When is a bookshelf not really an extra bookshelf? When you don't have to build it.The extra shelves he first mentions are kitchen counters, and the tops of kitchen bookshelves. As it happens, we have no room above the one bookshelf in our kitchen, and only a foot or so of books one counter. But there are stacks of books on two tables in the living room, and before the doors of a china cabinet in the dining room. I suppose that we could with more discipline thin the shelves to make room for the four or so feet stacked on tables. But how long would that last us?
We do not measure on a Jamesian scale, though. In looking through Latest Readings, I was constantly reminded that the man who reads an hour or two per day will never catch up with the man who reads six or eight hours per day. At twenty or twenty-five this reflection might have made me want to rearrange my life to manage that six or eight hours. Now I shrug: I have accumulated more compelling causes of regret.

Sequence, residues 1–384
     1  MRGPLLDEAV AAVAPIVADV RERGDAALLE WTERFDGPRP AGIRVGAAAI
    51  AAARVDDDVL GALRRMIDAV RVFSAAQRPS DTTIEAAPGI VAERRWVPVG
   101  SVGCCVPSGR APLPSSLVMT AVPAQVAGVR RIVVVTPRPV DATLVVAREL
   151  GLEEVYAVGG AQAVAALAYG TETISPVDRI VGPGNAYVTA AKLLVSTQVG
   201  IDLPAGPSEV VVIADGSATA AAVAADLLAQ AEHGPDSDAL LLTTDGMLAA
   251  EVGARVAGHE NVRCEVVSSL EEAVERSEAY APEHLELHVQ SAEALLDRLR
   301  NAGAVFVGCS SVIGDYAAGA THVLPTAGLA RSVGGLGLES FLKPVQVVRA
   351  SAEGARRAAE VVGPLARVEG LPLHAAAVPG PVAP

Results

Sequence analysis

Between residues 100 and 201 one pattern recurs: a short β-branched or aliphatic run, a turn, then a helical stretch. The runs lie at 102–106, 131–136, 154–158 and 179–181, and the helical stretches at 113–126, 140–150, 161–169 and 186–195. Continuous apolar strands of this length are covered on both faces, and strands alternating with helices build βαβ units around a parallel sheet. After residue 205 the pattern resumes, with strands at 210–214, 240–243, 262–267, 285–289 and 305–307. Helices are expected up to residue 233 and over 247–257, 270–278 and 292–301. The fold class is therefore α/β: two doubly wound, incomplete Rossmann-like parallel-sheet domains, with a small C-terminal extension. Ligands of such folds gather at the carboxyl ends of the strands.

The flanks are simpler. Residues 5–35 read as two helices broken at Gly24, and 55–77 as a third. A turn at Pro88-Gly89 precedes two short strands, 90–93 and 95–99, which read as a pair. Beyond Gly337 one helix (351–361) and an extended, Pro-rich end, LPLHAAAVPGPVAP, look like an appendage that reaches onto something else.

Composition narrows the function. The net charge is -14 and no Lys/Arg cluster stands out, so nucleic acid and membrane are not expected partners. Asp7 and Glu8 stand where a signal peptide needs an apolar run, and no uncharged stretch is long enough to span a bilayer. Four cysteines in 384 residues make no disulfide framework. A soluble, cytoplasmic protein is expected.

I wonder about some of James's judgments in the book and have no way of evaluating others. I do agree with him on Ford Madox Ford and Parade's End:
Tietjens, as a character, is the merest wish fulfillment, the self indulgence of a mendacious, chaotic, casually womanizing author who would like to project himself as a pillar of integrity and self-sacrifice, the honest master of his feelings.Yet he immediately follows this with
(In this respect, Tietjens is a prototype for Waugh's Guy Crouchback, the author's daydream about what he would like to have been, instead of a portrayal of who he was.)Probably Waugh would have liked to have come from old Catholic gentry. But in other respects it is hard to see how Crouchback could represent Waugh's wish fulfillment.